The following picture shows the Iris data when it is mean-centered.

 The picture below shows the Iris data when it is scaled after mean centering.

Step 4: Understanding the multicollinearity

Multicollinearity of the variables is an essential prerequisite for building a good PCA model. To know more about multicollinearity and how to measure it read our article on Pearson’s correlation Coefficient and how to use the multicollinearity matrix.

Step 5: Divide the data in the training set and testing set

After importing the data,  the training and testing data set automatically gets selected based on default settings in the application. You can change the proportion of data that goes in the training set and testing set by Increasing or decreasing the value for the ‘Training Set Probability’ in the sidebar layout, as shown in the picture below.

Suppose the value of the training set probability is increased. In that case, a larger proportion of data goes into the training set whereas, if the value is decreased, the relatively smaller proportion of data remains in the training set. For example, if the value is equal to 1, then 100% of the data goes into the training set living testing set empty.

As a general practice, it is recommended to use the training set to build the model and the testing set to evaluate the model. 

Step 6: Select the column with a categorical variable

This is the most crucial step for building the PCA model using DataPandit. First, you need to select the column which has a categorical variable in it. As soon as you make a selection for the column which has a categorical variable, the model summary, plots, and other calculations will automatically appear in under the PCA section of the ‘Modal Inputs’ tab in the Navigation Panel.

Step 7: Understanding PCA model Summary

The summary of PCA can be found below the model summary tab. 

The quickest way to grasp information from the model summary is to look at the cumulative explained variance, which is shown under ‘Cumexpvar,’ and the corresponding number of components shown as Comp 1, Comp 2, Comp 3, and so on. The cumulative explained variance describes the percentage of data represented by each component. In the case of the Iris data set, the first component describes 71.89% of the data (See Expvar). At the same time, the second component represents 24.33% of the data. Together component one and component two describe 96.2 2% of the data. This means that we can replace the four variables which describe one sample in the Iris data set with these two components that describe more than 95% of the information representing that sample in the data set. And this is the precise reason why we call principal component analysis as a dimensionality reduction technique.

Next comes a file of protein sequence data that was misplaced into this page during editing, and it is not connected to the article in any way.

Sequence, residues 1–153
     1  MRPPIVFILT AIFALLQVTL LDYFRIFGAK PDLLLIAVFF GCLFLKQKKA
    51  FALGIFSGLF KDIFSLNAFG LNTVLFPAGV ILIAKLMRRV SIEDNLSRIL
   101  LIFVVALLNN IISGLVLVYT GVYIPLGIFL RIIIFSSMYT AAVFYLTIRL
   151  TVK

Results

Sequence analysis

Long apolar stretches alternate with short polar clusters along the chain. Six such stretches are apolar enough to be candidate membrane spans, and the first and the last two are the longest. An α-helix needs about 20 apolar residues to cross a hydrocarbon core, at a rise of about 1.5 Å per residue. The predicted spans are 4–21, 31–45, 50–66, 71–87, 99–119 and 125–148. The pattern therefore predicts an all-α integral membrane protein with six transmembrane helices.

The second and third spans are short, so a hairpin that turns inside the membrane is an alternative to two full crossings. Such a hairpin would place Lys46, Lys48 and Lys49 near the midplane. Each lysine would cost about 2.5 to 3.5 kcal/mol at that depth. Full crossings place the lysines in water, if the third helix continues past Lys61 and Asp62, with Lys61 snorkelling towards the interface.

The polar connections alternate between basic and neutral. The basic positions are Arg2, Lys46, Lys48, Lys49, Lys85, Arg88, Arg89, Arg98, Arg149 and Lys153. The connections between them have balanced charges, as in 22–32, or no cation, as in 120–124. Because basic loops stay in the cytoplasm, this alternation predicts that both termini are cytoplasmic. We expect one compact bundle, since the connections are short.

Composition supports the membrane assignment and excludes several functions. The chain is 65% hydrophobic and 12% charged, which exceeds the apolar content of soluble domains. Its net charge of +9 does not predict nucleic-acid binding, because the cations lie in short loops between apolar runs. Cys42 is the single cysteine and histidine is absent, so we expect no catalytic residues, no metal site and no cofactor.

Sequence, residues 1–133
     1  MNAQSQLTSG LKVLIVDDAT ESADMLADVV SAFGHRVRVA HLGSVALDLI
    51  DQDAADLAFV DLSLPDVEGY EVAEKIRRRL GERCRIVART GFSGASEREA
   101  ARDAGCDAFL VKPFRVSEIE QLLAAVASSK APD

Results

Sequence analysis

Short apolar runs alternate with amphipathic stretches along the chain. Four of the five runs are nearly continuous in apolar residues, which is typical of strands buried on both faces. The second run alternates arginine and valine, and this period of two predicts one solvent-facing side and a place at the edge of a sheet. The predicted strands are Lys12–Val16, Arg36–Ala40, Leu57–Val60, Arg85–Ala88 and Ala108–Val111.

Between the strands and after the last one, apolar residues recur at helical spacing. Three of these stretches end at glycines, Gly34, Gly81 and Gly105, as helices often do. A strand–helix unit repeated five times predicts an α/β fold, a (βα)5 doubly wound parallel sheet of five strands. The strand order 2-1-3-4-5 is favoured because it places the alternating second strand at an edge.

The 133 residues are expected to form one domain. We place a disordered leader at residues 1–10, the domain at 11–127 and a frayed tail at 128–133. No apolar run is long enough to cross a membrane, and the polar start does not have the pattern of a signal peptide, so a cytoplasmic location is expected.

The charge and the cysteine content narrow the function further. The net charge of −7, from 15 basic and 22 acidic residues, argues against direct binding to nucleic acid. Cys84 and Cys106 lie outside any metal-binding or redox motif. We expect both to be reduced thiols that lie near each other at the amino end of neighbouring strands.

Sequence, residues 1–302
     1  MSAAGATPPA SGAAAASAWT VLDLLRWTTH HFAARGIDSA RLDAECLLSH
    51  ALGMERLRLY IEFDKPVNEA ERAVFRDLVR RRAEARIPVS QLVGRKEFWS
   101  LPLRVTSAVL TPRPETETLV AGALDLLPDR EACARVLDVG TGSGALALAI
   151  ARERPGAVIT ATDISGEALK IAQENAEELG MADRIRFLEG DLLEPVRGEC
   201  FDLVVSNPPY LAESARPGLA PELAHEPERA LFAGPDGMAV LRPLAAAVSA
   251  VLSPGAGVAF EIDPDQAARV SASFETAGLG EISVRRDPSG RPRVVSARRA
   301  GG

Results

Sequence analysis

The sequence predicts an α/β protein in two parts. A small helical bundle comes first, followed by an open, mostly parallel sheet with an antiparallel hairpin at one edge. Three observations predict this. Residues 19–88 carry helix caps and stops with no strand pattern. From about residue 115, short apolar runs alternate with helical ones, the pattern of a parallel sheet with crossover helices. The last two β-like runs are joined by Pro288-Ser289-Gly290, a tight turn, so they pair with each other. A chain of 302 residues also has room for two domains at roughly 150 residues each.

Step 8: Understanding PCA summary plot

The PCA summary plot shows scores plot on the top left side, loadings plot on the top right side, distance plot on the bottom left side, and cumulative variance plot on the bottom right side. The purpose of the PCA summary plot is to give a quick glance at the possibility of building a successful model. The close association between calibration and test samples in all the plots indicates the possibility of creating a good model. The scores plot shows the distribution of data points with respect to the first two components of the model.

In the following PCA summary plot, the Scores plot shows two distinct data groups. We can use the loadings plot to understand the reason behind this grouping pattern. We can see in the loading plot that ‘sepal width’ is located father from the remaining variables. Also, it is the only variable located at the right end of the loadings plot. Therefore we can say that the group of samples located on the right side of the scores plot is associated with the sepal width variable. These samples have higher sepal width as compared to other samples. To reconfirm this relationship, we can navigate to the individual scores plot and loadings plot.

Step 9: Analyzing Scores Plot in PCA

The model summary plot only gives an overview of the model. It is essential to take a look at the individual scores plot to understand the grouping patterns in more detail. For example, in the model summary plot, we could only see two groups within the data. However, in the individual scores plot we can see three different groups within the data: setosa, versicolor, and virginica. The three groups can be identified with three different colors indicated by the legends at the top of the plot.

Step 10: Analyzing loadings plot in PCA

It is also possible to view individual loadings plot. To view it, select ‘Loadings Plot’ option under the ‘Select the Type of Plot’ in the sidebar layout.

The loadings plot will appear as shown in the picture below. If we compare the individual scores plot and loading plot, we can see that the setosa species samples are far away from the verginica and the Versicolor species. The location of the Setosa species is close to the location of sepal width on the loadings plot, which means that the setosa species has higher sepal with as compared to the other two species.

Step 11: Analyzing distance plot in PCA